Citation needed.

From - http://www.intel.com/technology/io/thunderbolt/325136-001US_secured.pdf :


Correct me if I'm wrong, but "star" and "tree" equal "hub". No?

Thank you, yes it does. At least someone here knows how to back up assertions. Now to wait for Thunderbolt hubs. This at least solves 1 problem with "daisy chaining" and "monitor" being last.

ARobinson
Jun 25, 2011, 12:29 AM
I am excited, not because I can't utilize thunderbolt on my NEW 12-core, but because this should shrink the prices of alternative storage solutions. Throughput of the lacie is terrible for thunderbolt...I expected more. Pegasus im sure is faster, but I don't use promise.

bergert
Jun 25, 2011, 01:11 AM
Hum... Hubs are not daisy chains. Hubs are part of a star topology, daisy chaining is a bus topology. Having 2 TB ports on a device is not having a hub.

So yes, Citation is needed to know if TB hubs can be produced to connect devices in a star topology instead of a bus topology. I have not seen it. Maybe it's out there, who knows, and that's why I asked for a citation before saying it's a fact that TB hubs and will exist.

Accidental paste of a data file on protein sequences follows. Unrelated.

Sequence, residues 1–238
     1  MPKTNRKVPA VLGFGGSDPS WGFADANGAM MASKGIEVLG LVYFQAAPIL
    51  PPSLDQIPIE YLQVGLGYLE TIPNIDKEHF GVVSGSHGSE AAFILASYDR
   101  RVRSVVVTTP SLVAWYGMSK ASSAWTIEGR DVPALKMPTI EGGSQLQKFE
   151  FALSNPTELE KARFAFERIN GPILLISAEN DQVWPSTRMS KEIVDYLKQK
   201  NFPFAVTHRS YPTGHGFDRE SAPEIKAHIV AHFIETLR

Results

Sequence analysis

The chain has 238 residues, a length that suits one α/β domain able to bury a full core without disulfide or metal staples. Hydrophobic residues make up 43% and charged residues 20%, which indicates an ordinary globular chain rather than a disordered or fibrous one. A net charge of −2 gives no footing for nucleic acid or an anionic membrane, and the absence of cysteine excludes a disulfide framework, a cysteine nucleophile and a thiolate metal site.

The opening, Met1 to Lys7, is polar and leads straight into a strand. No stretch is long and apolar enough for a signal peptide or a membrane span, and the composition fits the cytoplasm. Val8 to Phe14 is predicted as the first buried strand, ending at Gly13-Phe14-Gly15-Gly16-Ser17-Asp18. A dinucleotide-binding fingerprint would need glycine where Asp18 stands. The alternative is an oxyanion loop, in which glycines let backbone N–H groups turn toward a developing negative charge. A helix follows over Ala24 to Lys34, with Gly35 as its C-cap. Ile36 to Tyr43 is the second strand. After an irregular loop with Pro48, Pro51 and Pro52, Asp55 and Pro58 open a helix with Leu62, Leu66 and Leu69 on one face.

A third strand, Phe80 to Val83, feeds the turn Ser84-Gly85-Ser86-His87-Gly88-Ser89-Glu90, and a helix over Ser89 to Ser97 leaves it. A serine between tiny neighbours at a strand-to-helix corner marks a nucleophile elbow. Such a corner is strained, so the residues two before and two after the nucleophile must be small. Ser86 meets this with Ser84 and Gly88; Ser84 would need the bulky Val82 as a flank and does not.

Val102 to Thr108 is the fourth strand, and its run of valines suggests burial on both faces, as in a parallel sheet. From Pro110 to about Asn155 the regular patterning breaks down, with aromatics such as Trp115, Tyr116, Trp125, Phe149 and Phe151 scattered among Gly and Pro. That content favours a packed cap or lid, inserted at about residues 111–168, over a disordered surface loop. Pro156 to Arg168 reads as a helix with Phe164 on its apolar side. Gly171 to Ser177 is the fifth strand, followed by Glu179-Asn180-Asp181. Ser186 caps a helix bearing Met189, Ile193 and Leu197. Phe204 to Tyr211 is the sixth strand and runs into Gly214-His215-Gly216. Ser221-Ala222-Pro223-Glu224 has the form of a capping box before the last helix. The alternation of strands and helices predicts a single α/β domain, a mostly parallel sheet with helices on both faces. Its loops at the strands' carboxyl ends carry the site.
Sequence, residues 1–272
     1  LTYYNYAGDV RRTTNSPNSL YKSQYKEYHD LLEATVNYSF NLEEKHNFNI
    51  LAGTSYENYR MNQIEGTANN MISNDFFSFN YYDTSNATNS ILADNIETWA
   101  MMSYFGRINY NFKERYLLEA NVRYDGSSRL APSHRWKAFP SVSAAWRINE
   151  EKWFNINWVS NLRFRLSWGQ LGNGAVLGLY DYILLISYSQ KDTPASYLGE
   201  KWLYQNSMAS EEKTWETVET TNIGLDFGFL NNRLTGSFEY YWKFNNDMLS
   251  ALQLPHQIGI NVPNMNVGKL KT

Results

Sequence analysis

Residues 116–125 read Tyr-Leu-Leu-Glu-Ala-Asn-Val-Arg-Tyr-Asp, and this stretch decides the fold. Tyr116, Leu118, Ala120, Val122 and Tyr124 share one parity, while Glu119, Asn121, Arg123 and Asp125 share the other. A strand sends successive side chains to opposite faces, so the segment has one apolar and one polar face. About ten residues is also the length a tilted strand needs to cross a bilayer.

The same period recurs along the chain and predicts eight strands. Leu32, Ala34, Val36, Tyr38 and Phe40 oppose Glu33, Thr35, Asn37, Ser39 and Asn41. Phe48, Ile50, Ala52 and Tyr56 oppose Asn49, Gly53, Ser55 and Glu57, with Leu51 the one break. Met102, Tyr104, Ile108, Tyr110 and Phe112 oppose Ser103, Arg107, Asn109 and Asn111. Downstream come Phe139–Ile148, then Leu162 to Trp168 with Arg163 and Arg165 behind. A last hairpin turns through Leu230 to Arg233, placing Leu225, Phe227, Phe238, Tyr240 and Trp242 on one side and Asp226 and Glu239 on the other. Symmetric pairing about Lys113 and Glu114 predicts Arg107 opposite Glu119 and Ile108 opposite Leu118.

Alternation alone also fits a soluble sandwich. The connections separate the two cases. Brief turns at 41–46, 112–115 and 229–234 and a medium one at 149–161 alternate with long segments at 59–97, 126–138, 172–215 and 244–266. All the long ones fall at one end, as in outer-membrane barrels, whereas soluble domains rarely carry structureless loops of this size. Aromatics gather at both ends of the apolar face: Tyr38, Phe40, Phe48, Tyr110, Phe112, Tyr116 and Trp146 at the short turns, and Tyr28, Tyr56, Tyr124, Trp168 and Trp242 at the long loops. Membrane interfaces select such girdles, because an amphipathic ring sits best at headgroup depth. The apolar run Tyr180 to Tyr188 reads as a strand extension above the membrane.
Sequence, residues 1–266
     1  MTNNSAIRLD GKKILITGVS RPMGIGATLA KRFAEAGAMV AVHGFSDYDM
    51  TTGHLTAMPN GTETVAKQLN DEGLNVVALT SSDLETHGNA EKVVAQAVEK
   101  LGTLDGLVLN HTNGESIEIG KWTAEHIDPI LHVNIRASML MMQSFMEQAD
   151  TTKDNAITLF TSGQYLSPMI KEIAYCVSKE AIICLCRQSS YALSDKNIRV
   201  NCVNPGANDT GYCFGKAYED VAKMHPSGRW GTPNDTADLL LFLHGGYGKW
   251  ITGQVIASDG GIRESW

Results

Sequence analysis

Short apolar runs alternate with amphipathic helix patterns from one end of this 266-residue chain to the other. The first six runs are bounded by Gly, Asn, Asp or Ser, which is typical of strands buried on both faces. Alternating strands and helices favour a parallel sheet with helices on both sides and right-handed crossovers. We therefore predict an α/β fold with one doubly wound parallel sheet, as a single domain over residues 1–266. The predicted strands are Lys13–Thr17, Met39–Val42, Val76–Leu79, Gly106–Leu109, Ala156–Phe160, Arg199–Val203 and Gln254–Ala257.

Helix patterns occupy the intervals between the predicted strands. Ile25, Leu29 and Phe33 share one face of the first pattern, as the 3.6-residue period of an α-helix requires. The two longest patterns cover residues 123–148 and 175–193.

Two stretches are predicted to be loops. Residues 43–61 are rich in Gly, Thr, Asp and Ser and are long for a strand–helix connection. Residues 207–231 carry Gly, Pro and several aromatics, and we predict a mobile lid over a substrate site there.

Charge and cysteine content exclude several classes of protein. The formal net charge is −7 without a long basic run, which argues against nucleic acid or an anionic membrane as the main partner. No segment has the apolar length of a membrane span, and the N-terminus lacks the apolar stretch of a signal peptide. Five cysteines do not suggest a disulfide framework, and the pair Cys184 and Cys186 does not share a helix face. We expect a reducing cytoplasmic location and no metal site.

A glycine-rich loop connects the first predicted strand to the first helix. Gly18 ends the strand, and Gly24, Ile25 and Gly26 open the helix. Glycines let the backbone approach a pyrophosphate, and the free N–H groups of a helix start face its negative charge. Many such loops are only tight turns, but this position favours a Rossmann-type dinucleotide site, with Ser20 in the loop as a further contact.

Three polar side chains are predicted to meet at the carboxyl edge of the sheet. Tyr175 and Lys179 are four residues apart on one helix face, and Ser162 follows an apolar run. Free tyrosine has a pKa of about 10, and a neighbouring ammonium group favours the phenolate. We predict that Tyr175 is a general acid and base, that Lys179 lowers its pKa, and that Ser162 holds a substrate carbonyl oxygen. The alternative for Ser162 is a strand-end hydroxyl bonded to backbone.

Take a look at the PCI bus design. A bridge chip has 4 ports, and if you have on-board dual ethernet - you find that one port is daisy-chained into a second bridge chip to a) replace the original port, and b) give 3 additional ports.

Look at a dual or quad fiber-channel interface. Technically, they are all single-FC cards, with the PCI bridge added onto the PCI card.

Lets not forget: I am talking internal PCI here, for external, you need additional line drivers and some-voltage protection, and hot-plug capability. This kind of chips don't exist at this time. In high-end servers you find hot-plug PCIe slots, so the building blocks do exist - just not as TB implementation. This is why it takes time...

(Disclaimer: I used to design hardware for Apple][, ][gs, IBM-PC/PCI; but have not done any actual work on PCIe).

MacNico
Jun 25, 2011, 06:24 AM
At this moment a lot of users with an iMac or MBP with a TB port complain about having problems like black outs and flickering when on an external monitor connected to their displayport with TB.
So let them fix that problem first before continuing with combining DP with TB.

brainzilla
Jun 25, 2011, 06:41 AM
If Apple was really serious about pushing technology forward instead of proprietary lock-in, they'd be using DLNA and just re-branding it as AirPlay.